She thinks the word has gone flat. I, however, have been trying to hang on – hoping that I can salvage it on my website to describe my work of the past twenty-five years and what I envision going forward.
Has the life gone out of the word?
Has it suffered the same fate as “management,” a word that sounds moribund – even knowing that good management is key to effective organizations.
Think about it: have you ever heard a 6 year old or 12 year old run home and say, “Mommy, Daddy, I want to be a manager!!!”
Not likely. It’s dated. What’s cool today is the word “entrepreneur”, with all the baby “preneurs” that are running to catch up:
Author-preneurs, E-preneurs, Eco-preneurs, Info-preneurs, Intra-preneurs, Mini-preneurs, Solo-preneurs, U-preneurs, Wisdom-preneurs (New ones hatch every day!)
News of the “preneurs” fills blogs and podcasts everywhere. After all, “entrepreneur” fits the American dream – you have an idea, are willing to go for it, take a few risks, and hopefully hit the jackpot, all the while staying true to who you are.
Now that’s sexy, but leadership?
I decided to research the fate of the word “leadership” with a comprehensive survey of four millennials.
The data texted back to me was, well, interesting:
# 1 “Well, I can’t claim to come close to speaking for my generation, but I will admit that the word is often associated with bland, sanitized corporate packaging of ideas. I doubt it’ll aggressively repel people or anything, but you run the (slightly ironic) risk of fading into the background.”
#2 and #3 “After a brief poll, we are pretty okay with “leadership” and actively pro “leader”. But we also don’t feel “leadership” is very powerful or engaging; it’s a little bit of, say, an overused buzzword in politics, or resumes/job interviews, so also has a somewhat empty ring because of that overuse. Also something people use to smooth things over and generalize or obscure things…it doesn’t necessarily connote a good leader. Not sure what word is better, and leadership definitely isn’t dated, but it is overused and, as such, empty.”
#4 “Leadership is a word I hear pretty often and have positive associations with. Do you have an alternative?”
Alas, my study was inconclusive. (Perhaps my sampling approach of texting family members was flawed?)
When you feel it
The night of my sampling experiment, I went to the retirement dinner of a colleague, Ann, from my university teaching days. Former mentees, students, and faculty colleagues packed the room to celebrate her many contributions. We sat teary-eyed, listening to her graduates, from all walks of life, including a group from the Tulalip Tribes, talk about how she changed their lives. We learned how she expressed her deep commitments to social justice and diversity throughout her career. In her closing talk, I felt stirred while remembering the best of the values and ideals that had pulled me into adult education many years ago.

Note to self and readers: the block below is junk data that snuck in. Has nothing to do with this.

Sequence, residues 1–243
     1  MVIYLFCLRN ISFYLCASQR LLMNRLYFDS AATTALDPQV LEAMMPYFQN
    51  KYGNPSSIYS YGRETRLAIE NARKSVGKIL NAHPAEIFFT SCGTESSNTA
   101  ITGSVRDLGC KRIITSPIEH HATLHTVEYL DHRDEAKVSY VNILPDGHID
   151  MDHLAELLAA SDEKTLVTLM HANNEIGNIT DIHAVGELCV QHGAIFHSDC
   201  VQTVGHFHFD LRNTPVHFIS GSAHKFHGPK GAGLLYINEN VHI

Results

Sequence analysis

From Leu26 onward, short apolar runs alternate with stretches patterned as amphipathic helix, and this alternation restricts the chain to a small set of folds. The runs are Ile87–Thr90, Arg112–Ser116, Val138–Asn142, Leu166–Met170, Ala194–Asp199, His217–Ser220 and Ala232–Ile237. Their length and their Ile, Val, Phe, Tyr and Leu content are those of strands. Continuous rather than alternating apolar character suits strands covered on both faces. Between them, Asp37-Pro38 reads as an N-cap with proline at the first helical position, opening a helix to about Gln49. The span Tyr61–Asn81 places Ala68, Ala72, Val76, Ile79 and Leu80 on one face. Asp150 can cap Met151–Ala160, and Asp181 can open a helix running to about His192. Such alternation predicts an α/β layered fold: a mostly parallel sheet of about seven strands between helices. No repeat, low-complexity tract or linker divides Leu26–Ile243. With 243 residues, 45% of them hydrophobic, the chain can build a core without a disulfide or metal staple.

I doubt that Anne worried much how to be a leader. It was enough to just concentrate on living her values, taking the steps she knew were hers to make, nurturing her inner life, and balancing all the crazy forces and demands that come with running a life.
But when you’re in the presence of leadership, you feel it.
And you get bigger. I left thinking there was hope for the world – and for the word.
In her closing remarks, Ann referenced my favorite author on leadership, the educator/ philosopher Parker Palmer, so the next day I went searching for inspiration in his words. Once upon a time, his article, Leading from Within, was required reading in my courses. It moves me still.
Parker never pontificates. But I dare you not to be moved by his books, which he writes with a raw honesty, as he takes you into the spirit of the word.
“Leadership” is a concept we often resist. It seems immodest, even self-aggrandizing, to think of ourselves as leaders. But if it is true that we are made for community, then leadership is everyone’s vocation, and it can be an evasion to insist that it is not. When we live in the close-knit ecosystem called community, everyone follows and everyone leads.”
Parker understands the inner side of leadership with its light and dark shadows. I trust how he uses the word.
Going to the source
I decided to use a practice I’ve been experimenting with recently – a bit out there, perhaps, but very useful to me. I just asked Leadership if it had anything to say to me. And then I listened:
“I’ve been used as a work horse for so many people’s ambitions – so if you ask, whether I am tired, Yes, I am.
I still have a job to do – just look at the world – but I wish you all would free me up to do my work — it’s really not about solo performers any more, it’s about each of you realizing the unique tasks that are set before you and accomplishing them with love, with energy, and with commitment not to just yourselves but to each other and the common good.”
Yes you can keep teaching skills that help good people accomplish good things. But know this: I am not some THING, [some concept/some word] – – I am a force.
If, from time to time, you need courage, I can be there for you. I can share examples that will inspire you, and I can help you trust in your own innate goodness and capacity. Or, I can open your eyes to the very next thing that needs to be done.
And as for you, Sally – keep opening people’s eyes to their innate goodness as you open yours – and point it out so that they can receive the world – not as a place that is damaged or a place that needs to be corrected but as a place that needs the help and light filled investment of each one of us.
We cannot assure anything about the future – but in our collective listening – and our commitment to goodness, we can be a positive force to see what needs to be done and then take the next step and the next step and the next step.”
Maybe the word leadership isn’t hot.
But Lori and I have reached a resolve: it’s time to reclaim it and make it ours.